Snake case is a naming convention in which a developer replaces spaces between words with an underscore.
Most object-oriented programming languages don't allow variable, method, class and function names to contain spaces. The snake case -- also commonly seen as snake_case -- naming convention replaces spaces with underscores to create descriptive variable and method names from multiple words without a compile time error.
The snake case name is derived from the associated imagery of underscores representing snakes that slither on the ground between words.
Snake case examples
Here are three simple examples of code in the snake case naming convention:
Snake case vs. CamelCase
Snake case is a similar naming convention to kebab case -- also commonly seen as kebab-case. Both conventions can make it easier for a developer to read code because the white space between words reads in the same way as a normal sentence.
One naming convention that doesn't follow this practice is CamelCase, where there is no white space between compound words. Here's an example of snake case, CamelCase and kebab case:
Snake_case vs. kebab-case
While both snake_case and kebab-case allow for white space between words, they differ in how a developer creates the white space.
Snake case uses an underscore to create white space. Kebab case uses a hyphen to create white space.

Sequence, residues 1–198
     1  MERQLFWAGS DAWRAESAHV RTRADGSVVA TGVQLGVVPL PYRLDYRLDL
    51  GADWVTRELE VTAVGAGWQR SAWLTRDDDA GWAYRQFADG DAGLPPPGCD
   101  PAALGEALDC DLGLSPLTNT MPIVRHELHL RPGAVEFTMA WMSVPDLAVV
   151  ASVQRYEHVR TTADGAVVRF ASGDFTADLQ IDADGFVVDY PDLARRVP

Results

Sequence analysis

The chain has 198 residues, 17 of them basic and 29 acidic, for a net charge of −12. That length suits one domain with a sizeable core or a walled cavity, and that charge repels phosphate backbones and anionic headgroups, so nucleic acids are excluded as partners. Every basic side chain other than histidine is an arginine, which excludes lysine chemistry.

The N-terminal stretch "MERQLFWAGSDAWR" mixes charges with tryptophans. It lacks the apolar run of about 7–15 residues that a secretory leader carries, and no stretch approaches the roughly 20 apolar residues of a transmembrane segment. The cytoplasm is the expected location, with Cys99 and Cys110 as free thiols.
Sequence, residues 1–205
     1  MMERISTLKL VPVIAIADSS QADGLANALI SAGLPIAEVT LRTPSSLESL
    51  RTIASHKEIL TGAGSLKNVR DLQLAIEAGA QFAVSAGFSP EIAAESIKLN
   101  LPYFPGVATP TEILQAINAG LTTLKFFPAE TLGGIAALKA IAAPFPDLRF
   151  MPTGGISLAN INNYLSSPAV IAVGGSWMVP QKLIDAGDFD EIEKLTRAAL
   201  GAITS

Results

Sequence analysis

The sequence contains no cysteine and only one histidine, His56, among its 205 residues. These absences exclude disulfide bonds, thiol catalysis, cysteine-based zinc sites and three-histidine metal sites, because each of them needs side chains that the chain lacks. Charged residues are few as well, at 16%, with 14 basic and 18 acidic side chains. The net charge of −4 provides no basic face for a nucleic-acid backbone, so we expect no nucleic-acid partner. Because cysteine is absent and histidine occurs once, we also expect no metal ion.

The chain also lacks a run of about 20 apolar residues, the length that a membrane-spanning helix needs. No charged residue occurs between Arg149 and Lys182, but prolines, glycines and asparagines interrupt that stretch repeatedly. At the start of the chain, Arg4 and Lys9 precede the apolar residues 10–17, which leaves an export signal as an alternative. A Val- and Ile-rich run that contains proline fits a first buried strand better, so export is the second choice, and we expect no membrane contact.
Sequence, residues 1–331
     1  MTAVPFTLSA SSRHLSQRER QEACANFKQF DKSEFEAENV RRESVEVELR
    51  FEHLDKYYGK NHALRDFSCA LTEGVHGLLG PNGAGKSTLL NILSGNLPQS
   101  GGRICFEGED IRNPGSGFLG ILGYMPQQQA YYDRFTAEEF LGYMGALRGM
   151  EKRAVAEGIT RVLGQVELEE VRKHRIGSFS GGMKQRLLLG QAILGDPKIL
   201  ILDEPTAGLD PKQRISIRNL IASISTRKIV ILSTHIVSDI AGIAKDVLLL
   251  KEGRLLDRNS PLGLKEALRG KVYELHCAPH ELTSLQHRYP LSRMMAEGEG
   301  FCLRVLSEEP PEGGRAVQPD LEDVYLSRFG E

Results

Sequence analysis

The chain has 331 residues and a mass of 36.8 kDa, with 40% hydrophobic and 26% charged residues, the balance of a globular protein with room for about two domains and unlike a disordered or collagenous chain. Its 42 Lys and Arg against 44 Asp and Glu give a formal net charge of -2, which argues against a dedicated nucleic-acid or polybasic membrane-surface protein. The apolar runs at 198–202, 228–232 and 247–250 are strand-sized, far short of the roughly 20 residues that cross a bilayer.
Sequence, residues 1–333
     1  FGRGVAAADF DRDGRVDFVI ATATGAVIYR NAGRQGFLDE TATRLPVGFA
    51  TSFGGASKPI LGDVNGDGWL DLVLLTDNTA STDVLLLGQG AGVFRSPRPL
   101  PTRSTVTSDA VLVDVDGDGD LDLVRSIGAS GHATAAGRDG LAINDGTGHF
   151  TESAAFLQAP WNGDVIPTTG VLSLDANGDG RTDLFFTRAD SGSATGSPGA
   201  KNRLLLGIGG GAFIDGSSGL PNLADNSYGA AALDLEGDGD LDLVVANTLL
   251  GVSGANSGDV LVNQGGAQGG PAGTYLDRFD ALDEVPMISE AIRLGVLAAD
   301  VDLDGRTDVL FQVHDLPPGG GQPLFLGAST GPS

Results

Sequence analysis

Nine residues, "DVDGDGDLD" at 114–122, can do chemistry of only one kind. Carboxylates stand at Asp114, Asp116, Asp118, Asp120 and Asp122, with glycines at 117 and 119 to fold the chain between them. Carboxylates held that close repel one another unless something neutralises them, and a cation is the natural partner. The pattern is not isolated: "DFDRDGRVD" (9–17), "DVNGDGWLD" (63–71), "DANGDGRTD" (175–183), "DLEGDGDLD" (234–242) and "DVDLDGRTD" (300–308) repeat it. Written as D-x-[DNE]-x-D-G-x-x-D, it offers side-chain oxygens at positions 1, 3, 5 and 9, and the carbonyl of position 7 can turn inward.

One potential area of concern with kebab-case is the similarity between a hyphen and a minus sign. Certain software programs can misdiagnose a hyphen as a minus sign and make it difficult for a program to diagnose bugs in an application.
Screaming snake case
In C and C++ inspired languages such as Java, Kotlin, Groovy and Clojure, constants use snake case with all upper-case letters, which is known as screaming snake case. This convention owes its name to social media and internet chat rooms, which describe users as "screaming" when they type in all capital letters. For example:
Snake case and machine code
A developer should never use a leading or trailing underscore with snake case. A leading or trailing underscore in a variable name is typically used to denote that a method or class was machine generated.